Raj Kotecha of Creative Content Agency interviews Gary Vaynerchuk on how to leverage social media and build a brand. This 30 minute interview is one of the best I’ve watched in quite some time with many gems of wisdom from Gary. He also talks a little about his new new book on social media, Crush It!
I often write about or quote 37 Signals here, largely due to the respect I have for them as designers/developers and for the way they manage their business.
This week Matt Linderman has written the article “Advice for entrepreneurs: Throw out that five-year plan, build something now, and don’t take any money” where he’s brought together thoughts from 2 articles, in this month’s Best Life magazine, by Greg Gianforte and Mark Cuban respectively:
Gianforte describes how to build a company from sales rather than enlisting professional financiers. The secret is to stop sweating your five-year plan and start moving the product from day one. If your business idea requires more money than you have at hand, then shrink the idea.
“An entrepreneur getting started doesn’t need a $100 million idea,” says Gianforte. “A $1 million idea is enough. The beauty of a $1 million idea is that big companies don’t care about it. Find a niche within a niche.”
… and from Mark Cuban:
Sweat equity is the best equity. “Taking money from someone else kills more start-ups than anything else does. Do everything you can to avoid taking money. If you must, your best prospects are potential customers. You have something they want, so if they invest in you, it can be a win-win situation.”
As always, it’s the comments that the articles at 37 Signals inspire that are really worth reading as they tend to be from people like you and me at various stages of the entrepreneurial game.
Last month’s Inc. magazine featured clothing company Threadless on the front cover, a company founded by 2 college drop-outs (an interesting trend in itself – so many successful start-ups have college drop-outs at the helm) Jake Nickell and Jeffrey Kalmikoff.
Founded in 2000, Threadless is set to hit $5million is sales this year selling, wait for it, t-shirts! Yep, and they’ve never had a single design that hasn’t sold out!
So how has Threadless managed to sell out every design? By asking their market what designs they’d buy! Simple!
Using a social network, Threadless runs design competitions and whichever designs are most popular make it onto a t-shirt. The t-shirts are then sold through the same social network to the very people who voted for the designs. This way Threadless supply the market with exactly what they demanded in the first place!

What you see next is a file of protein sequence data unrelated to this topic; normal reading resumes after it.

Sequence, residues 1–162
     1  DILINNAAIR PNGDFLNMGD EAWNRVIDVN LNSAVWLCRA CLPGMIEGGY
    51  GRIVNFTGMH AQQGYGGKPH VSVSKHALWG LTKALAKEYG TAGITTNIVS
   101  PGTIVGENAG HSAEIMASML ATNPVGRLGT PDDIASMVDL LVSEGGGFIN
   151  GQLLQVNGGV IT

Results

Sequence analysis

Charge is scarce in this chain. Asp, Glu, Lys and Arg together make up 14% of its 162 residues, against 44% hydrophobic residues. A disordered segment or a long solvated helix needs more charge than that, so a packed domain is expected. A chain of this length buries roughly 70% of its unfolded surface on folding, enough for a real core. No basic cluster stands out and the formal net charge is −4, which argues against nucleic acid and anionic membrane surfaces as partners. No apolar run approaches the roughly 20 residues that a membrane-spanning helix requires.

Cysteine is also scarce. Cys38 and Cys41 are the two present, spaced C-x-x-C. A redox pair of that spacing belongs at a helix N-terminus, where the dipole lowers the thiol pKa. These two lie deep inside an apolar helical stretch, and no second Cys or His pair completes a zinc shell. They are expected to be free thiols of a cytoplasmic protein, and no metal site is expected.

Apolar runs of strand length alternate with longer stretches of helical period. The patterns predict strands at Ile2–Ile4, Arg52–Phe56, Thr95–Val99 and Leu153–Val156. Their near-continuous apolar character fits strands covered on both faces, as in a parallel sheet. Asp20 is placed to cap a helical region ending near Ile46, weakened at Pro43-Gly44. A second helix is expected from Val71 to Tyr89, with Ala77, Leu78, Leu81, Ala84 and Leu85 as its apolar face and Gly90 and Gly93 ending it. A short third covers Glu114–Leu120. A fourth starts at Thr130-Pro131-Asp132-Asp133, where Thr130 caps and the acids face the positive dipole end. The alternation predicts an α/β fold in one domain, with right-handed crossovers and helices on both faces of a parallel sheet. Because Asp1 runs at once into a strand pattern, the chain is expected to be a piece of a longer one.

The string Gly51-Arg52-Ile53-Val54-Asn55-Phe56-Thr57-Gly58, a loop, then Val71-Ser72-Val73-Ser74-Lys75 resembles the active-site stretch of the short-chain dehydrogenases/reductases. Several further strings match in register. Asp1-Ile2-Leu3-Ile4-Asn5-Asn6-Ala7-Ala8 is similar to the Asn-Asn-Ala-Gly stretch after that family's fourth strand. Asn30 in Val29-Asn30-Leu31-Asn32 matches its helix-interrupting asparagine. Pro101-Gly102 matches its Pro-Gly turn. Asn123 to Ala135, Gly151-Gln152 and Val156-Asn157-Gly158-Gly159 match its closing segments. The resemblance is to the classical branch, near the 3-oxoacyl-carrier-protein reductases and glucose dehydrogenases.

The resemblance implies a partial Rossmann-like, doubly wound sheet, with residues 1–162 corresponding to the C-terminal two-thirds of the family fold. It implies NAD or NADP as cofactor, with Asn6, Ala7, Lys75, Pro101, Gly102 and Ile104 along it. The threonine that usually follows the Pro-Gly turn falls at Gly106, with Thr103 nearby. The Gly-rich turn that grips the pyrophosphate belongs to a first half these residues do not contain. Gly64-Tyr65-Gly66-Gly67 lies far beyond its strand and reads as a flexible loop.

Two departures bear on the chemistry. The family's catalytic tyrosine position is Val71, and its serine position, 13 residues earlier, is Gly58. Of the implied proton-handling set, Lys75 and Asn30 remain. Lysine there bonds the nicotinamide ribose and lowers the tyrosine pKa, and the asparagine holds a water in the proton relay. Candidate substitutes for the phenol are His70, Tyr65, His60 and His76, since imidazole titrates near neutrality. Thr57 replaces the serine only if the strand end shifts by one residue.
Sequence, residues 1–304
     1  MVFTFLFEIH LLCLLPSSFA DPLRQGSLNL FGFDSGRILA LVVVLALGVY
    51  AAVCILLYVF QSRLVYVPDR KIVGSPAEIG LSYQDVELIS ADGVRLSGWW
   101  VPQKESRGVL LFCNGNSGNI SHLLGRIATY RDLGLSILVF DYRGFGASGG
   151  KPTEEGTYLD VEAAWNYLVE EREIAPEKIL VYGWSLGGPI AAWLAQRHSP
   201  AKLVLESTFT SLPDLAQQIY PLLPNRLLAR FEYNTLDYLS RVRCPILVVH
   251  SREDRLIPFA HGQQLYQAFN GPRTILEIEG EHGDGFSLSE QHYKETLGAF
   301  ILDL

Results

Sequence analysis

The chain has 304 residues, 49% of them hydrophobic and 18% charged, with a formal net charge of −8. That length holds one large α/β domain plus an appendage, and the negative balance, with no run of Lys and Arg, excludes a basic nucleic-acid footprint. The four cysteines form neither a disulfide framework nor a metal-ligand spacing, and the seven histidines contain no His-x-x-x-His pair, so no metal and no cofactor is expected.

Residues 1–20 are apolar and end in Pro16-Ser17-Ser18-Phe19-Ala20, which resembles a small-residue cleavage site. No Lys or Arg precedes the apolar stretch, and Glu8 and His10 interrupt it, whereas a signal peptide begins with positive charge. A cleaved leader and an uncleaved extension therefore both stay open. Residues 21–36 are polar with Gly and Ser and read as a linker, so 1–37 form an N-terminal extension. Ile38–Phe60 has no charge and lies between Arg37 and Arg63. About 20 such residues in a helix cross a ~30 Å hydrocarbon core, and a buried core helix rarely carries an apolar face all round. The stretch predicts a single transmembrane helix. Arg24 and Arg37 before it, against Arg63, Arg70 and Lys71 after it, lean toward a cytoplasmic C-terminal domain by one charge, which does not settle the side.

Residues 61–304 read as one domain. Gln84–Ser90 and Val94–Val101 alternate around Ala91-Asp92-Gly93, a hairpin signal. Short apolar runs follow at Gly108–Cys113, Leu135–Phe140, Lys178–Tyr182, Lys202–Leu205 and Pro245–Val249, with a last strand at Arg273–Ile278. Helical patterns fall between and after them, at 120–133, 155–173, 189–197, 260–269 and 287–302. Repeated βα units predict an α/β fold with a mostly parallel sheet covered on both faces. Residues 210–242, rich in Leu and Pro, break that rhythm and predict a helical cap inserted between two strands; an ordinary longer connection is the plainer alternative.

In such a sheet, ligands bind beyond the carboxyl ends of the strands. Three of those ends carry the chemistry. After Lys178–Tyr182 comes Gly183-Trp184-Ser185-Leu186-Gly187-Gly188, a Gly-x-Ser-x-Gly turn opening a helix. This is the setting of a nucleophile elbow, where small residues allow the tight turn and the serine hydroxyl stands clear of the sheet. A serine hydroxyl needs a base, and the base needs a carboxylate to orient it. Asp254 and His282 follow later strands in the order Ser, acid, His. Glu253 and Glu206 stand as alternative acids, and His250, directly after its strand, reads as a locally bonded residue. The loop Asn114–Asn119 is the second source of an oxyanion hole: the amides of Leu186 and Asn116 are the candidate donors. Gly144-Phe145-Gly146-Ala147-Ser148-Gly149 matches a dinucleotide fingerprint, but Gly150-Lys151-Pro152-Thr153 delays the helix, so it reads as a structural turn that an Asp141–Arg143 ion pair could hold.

The power of social networking is only now becoming apparent and businesses are beginning to understand just how well ‘word-of-mouth’ marketing, the best and cheapest kind of marketing, works within the semi-porous walls of a social network.
Most think of social networks as the domain of bored teenagers but considering that Facebook, a social network that targets the 25 to 35 demographic, outpaced MySpace, a social network that does target teenagers, in May with the most number of unique visits many will need to re-assess their opinions of the importance of social networking to business.
With the credit crunch truly making itself felt, retailers should be pulling out all the stops to get eyeballs on their products and making sales.
Gartner research found that UK retailers are missing a trick by not using Social Networking as a marketing tool. With social networks like Facebook, MySpace and Bebo getting so much traffic retailers can advertise and market their products in innovative ways like Amazon US has done through the use of a Facebook application.
As an entrepreneur, it’s very likely you have many good business ideas but don’t have the focus or even the time to make them all work.
Sometimes it becomes clear, midway through setting up a business based on an idea, that the current idea may not work as well as a business compared to another idea you trashed earlier on.
I personally have an ‘ideas book’ with over 70 business ideas; some seem good, some I know are lousy. However, what do you do to prioritise your list so you don’t waste time on the lousy or mediocre ideas, or those ideas whose time may not yet have come?
The first thing I do is make up a set of criteria to benchmark the idea against. The criteria could include:
- Do I have the resources required or do I need to buy it in;
- Is this a now, or future, business;
- What’s a reasonable time-frame to get from ‘idea’ to ‘business’ and is it possible to find that time;
- What are the perceived costs involved in getting the business to launch phase;